ECONOMYNEXT – Sri Lanka’s health authorities suspect an organised misinformation campaign is behind an unusual increase in vaccine hesitancy among the country’s youth, a health official said.
Deputy Health Services Director Dr Hemantha Herath told reporters on Tuesday (28) that a decline has been noted in vaccination of young people owing to misconceptions about side effects of COVID-19 vaccines.
“There is a lot of misconceptions. I think there’s an organised minsinformation campaign of side effects of the vaccine, which has resulted in some decline in vaccination.
“We ask the youth to go to the nearest vaccination centre and get the vaccine available there because we might have to limit vaccination for certain age groups in future rollouts,” he said.
The official’s statement comes a day after Health Minister Keheliya Rambukwella revealed plans for a possible vaccine mandate for Sri Lanka.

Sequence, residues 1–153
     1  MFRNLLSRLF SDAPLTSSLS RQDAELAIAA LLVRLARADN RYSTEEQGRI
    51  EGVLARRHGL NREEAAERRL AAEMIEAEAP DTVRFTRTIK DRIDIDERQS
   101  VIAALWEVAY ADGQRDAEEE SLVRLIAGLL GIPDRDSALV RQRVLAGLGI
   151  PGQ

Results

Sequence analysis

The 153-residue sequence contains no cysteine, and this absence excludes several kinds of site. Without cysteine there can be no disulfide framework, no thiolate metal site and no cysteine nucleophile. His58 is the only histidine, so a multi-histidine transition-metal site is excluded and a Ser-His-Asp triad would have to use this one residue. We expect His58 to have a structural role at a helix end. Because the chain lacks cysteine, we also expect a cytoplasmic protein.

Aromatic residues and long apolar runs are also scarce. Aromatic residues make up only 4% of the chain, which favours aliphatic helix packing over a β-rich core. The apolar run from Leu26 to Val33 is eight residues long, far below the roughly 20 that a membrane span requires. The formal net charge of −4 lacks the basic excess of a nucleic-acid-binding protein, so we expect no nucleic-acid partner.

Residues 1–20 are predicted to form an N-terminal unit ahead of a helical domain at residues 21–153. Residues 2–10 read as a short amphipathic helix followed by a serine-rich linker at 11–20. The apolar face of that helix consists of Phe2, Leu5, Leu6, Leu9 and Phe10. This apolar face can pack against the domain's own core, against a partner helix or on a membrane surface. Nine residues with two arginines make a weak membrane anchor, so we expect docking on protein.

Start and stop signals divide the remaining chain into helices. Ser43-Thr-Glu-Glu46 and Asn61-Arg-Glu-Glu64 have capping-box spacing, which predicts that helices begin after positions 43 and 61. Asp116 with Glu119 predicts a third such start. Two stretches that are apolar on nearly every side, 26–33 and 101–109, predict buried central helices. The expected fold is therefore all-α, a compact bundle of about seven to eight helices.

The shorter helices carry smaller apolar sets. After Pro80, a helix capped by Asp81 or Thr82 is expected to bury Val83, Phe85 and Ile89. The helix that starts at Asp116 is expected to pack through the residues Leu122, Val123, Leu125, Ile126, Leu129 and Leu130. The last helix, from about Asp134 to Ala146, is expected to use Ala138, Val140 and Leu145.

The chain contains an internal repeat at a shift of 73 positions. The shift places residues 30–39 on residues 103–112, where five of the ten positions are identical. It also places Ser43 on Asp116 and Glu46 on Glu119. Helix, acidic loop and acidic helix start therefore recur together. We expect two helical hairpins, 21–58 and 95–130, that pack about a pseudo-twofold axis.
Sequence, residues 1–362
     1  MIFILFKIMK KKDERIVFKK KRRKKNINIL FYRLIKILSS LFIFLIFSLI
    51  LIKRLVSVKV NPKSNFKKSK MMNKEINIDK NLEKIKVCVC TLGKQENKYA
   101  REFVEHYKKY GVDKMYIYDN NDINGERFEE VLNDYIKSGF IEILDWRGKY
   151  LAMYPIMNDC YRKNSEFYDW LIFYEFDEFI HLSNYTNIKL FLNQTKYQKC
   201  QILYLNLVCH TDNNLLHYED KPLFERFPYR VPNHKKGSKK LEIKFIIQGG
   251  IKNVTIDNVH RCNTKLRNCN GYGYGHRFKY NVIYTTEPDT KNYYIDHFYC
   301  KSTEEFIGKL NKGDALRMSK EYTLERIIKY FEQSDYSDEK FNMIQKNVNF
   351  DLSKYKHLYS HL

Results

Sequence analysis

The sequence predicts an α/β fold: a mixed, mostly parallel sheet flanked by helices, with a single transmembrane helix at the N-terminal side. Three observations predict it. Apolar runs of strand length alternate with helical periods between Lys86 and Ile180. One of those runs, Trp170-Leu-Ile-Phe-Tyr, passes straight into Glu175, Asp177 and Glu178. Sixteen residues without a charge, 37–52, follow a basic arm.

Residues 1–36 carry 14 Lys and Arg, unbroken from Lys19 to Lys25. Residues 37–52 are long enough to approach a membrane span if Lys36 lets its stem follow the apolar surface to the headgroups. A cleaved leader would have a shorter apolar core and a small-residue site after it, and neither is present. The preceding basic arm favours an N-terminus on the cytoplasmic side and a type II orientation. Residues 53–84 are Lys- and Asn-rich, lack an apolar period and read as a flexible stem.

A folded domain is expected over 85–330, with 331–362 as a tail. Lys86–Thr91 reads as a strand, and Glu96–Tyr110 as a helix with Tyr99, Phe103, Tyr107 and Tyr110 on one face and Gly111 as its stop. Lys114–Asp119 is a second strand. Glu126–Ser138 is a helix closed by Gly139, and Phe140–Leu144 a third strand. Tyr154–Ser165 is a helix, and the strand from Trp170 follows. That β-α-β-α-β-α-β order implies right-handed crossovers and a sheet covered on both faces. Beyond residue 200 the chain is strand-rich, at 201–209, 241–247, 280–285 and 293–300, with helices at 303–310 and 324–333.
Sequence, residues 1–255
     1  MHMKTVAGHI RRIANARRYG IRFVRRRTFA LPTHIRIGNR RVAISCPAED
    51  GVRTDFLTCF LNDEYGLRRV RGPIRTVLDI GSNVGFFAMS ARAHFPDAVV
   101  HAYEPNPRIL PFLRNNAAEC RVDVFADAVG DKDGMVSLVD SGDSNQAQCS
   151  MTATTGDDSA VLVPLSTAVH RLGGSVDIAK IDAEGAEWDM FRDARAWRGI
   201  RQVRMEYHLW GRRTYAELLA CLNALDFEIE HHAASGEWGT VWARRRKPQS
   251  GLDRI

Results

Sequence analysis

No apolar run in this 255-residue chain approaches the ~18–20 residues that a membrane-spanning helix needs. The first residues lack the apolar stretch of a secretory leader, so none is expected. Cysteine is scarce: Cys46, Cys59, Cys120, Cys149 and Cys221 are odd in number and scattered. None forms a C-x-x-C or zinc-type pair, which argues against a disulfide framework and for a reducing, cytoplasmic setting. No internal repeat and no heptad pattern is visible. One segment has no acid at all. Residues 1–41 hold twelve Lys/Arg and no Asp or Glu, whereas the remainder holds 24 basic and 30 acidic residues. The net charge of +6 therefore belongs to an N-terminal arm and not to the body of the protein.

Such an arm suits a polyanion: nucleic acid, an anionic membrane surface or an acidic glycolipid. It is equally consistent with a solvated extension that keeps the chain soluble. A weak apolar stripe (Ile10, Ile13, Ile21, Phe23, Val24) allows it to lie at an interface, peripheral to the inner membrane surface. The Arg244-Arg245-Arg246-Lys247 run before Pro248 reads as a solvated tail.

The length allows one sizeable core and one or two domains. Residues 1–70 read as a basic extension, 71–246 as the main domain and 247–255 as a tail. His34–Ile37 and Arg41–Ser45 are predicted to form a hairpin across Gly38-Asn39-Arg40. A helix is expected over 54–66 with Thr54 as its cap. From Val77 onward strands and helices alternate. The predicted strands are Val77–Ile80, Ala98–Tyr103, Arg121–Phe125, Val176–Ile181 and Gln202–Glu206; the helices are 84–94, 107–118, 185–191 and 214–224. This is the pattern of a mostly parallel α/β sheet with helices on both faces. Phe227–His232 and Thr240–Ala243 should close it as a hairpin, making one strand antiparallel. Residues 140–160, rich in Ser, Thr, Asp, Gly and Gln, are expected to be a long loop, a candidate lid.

Speaking to reporters in Kandy on Sunday (26), Rambukwella said if the need arises, the government may discuss a legal framework for such a mandate with the advice of health experts.
“Just as one has a right to one’s own life, there is a problem if one opposes decisions that will prevent someone else being infected. So we might have to take a decision, in the event of [a vaccine mandate] becomnig essential,” he said.
Though Sri Lanka’s vaccine rollout has been largely successful despite delays, authorities have expressed concern over a disturbing reluctance among the country’s youth to get vaccinated against COVID-19.
As of September 27, only 48 percent of Sri Lanka’s 20-29 age group have received at least one dose of a vaccine, while only 12.7 percent are fully vaccinated.
Mainstream and social media reports indicate that vaccine centres dedicated to youth are not as full as they should be. Young people also seem to show a preference for vaccines such as Pfizer-BionTech over the Chinese Sinopharm jab which is Sri Lanka’s most widely used COVID-19 vaccine to date. (Colombo/Sep28/2021)